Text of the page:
Silverworld – Diana Abu-Jaber


  Silverworld – Diana Abu-Jaber.  Crown Books for Young Readers, 2020. 9780553509670

Format: Hardcover

Rating: 1-5 (5 is an excellent or a Starred review) 3.5

Genre:  Fantasy

What did you like about the book?  12-year-old Sami has seen a lot of changes in her young life.  Her father passed away when she was little, and her family has recently moved from New York to Florida and she is having a hard time adjusting.  She lives with her mother, Alia, her older brother Tony, and her grandmother, whom she calls Teta.  She has always had a close bond with Teta, and grew up listening to stories about Teta’s childhood in Lebanon as well as folk stories about the Ifrit – mystical creatures including mermaids, fairies and the like who inhabit Silverworld, a parallel universe that Teta paints so clearly in her storytelling that Sami believes it is real.  When Teta begins to show signs of dementia and Sami’s mother is considering putting her into a nursing home, Sami becomes convinced that Teta is in fact under a spell from Silverworld, and is determined to find her way there to save her grandmother.

Using an old spell book and a mirror that has traveled with Teta from Lebanon, Sami does arrive in Silverworld.  Inhabited by Flickers (the creatures who reflect back when an ‘Actual’ looks into a mirror) and Shadows, the land is under threat from the Shadow Queen Nixie, who has captured most of the Shadows and Ifrit to gain strength. Sami knows that if she can defeat the Nixie, she will save not only her new friends in Silverworld, but also her grandmother.  Accompanied by Flickers Dorsom and Natala, and a Shadow shapeshifter named Bat, and with guidance from Rotifer, a mysterious and powerful sea creature, Sami goes on a quest to find and defeat Nixie before it is too late.  In the process she learns a lot about her family’s history and her own inner strength.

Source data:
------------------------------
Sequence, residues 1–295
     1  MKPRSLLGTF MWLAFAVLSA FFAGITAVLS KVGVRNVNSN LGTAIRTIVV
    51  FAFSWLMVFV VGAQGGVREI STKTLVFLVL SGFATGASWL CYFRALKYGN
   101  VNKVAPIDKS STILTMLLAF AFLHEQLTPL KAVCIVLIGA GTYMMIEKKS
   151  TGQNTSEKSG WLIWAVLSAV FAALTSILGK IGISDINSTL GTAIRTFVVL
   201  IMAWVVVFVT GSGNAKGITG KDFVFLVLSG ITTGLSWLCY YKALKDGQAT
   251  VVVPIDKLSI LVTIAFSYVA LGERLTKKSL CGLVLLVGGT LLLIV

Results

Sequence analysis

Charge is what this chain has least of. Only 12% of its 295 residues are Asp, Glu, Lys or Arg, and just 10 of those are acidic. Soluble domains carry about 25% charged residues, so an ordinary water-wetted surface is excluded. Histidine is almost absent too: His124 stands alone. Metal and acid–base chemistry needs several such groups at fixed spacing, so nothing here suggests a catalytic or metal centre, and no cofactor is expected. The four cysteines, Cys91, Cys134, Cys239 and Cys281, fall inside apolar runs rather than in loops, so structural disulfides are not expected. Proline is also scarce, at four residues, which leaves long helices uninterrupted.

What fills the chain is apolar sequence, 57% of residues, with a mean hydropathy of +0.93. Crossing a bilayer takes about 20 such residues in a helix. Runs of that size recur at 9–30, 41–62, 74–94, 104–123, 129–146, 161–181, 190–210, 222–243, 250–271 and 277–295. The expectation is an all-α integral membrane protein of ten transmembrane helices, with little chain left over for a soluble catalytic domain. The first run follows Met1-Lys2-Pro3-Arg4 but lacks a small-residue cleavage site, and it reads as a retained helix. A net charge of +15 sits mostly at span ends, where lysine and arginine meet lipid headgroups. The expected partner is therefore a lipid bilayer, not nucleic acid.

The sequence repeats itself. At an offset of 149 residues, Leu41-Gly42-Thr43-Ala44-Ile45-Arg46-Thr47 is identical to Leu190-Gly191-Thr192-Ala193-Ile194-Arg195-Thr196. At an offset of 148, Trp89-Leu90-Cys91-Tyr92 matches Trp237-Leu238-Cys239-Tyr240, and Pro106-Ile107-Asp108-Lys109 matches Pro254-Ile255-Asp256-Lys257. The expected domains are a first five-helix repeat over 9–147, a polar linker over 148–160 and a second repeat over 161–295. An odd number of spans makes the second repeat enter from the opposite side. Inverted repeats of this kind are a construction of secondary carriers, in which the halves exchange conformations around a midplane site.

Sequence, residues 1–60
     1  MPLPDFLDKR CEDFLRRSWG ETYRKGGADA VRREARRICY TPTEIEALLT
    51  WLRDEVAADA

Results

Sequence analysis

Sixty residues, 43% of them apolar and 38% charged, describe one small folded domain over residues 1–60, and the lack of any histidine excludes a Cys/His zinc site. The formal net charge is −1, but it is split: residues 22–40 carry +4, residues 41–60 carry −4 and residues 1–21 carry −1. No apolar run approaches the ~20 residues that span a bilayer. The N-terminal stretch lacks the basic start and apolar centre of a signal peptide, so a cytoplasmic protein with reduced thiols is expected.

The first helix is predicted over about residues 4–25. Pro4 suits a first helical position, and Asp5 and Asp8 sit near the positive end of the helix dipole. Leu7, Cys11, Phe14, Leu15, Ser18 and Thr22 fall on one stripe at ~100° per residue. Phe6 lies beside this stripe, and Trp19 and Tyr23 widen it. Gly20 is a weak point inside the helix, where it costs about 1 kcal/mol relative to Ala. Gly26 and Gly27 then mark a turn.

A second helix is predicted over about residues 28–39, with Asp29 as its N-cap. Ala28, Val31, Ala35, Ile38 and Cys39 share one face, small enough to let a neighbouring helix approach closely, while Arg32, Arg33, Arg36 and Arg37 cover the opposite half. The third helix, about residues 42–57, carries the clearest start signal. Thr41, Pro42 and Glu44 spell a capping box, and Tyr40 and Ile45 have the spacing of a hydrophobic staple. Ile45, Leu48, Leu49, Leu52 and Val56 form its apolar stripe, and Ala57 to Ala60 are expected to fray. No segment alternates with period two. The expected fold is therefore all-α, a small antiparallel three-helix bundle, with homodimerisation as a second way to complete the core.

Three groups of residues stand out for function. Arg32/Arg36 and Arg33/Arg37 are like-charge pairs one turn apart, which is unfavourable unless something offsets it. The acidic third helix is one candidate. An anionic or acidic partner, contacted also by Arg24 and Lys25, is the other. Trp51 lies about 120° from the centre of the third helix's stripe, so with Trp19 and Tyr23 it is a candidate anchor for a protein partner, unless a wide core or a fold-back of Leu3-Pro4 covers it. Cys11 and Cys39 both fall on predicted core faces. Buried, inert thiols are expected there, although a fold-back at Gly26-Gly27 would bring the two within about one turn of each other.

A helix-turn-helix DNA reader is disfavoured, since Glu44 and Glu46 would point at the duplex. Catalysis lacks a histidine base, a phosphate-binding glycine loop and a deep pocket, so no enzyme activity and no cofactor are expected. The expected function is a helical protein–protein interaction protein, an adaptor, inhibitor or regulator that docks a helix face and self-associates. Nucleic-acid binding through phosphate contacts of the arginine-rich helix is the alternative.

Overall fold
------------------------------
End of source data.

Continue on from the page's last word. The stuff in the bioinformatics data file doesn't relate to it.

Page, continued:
Steeped in Lebanese culture – although it is unclear if the fantasy was based on Lebanese mythology or folklore, or mostly invented by the author – Silverworld focuses on identity and self-reliance in both settings.  Sami struggles to hold onto her own past and her grandmother’s history all while trying to fit in in her new hometown, and seeks to find a balance between light and dark when she travels to the magical world.  The real charm of the book is in the vividity of Silverworld.  Readers may need to borrow a color wheel to identify the many shades – of skin tones, hair color, even the air and water – named throughout Sami’s adventures.  Despite these colorful descriptions, however, the world is hard to picture, and the adventure falls a bit flat.

Anything you didn’t like about it?  I would have enjoyed reading more of Teta’s stories verbatim rather than through Sami’s recollections about the stories.  (Maybe even as an appendix to the book.)

To whom would you recommend this book?  This light fantasy might be appreciated by readers waiting for the next installment in favorite series in the ‘Rick Riordan Presents’ stable…not anywhere near as much cultural information or action, but a fun enough adventure.

Who should buy this book?  Public and elementary school libraries

Where would you shelve it? Fantasy

Should we (librarians/readers) put this on the top of our “to read” piles? no

Reviewer’s Name, Library (or school), City and State:  Leigh King, School Librarian, Lincoln Street Elementary School, Northborough, Massachusetts

Date of review:  6/22/2020

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